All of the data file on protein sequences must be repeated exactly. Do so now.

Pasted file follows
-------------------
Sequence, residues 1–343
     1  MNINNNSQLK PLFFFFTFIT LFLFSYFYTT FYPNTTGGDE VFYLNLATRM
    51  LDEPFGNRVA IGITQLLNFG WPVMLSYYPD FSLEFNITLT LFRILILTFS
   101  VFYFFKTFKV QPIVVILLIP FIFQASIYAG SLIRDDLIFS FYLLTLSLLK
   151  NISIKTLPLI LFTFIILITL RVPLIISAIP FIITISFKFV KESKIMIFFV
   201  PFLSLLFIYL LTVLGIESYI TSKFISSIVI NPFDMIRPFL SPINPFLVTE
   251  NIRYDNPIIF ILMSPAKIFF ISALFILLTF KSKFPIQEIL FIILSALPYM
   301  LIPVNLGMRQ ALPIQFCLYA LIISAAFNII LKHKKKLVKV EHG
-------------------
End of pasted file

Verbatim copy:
Sequence, residues 1–343
     1  MNINNNSQLK PLFFFFTFIT LFLFSYFYTT FYPNTTGGDE VFYLNLATRM
    51  LDEPFGNRVA IGITQLLNFG WPVMLSYYPD FSLEFNITLT LFRILILTFS
   101  VFYFFKTFKV QPIVVILLIP FIFQASIYAG SLIRDDLIFS FYLLTLSLLK
   151  NISIKTLPLI LFTFIILITL RVPLIISAIP FIITISFKFV KESKIMIFFV
   201  PFLSLLFIYL LTVLGIESYI TSKFISSIVI NPFDMIRPFL SPINPFLVTE
   251  NIRYDNPIIF ILMSPAKIFF ISALFILLTF KSKFPIQEIL FIILSALPYM
   301  LIPVNLGMRQ ALPIQFCLYA LIISAAFNII LKHKKKLVKV EHG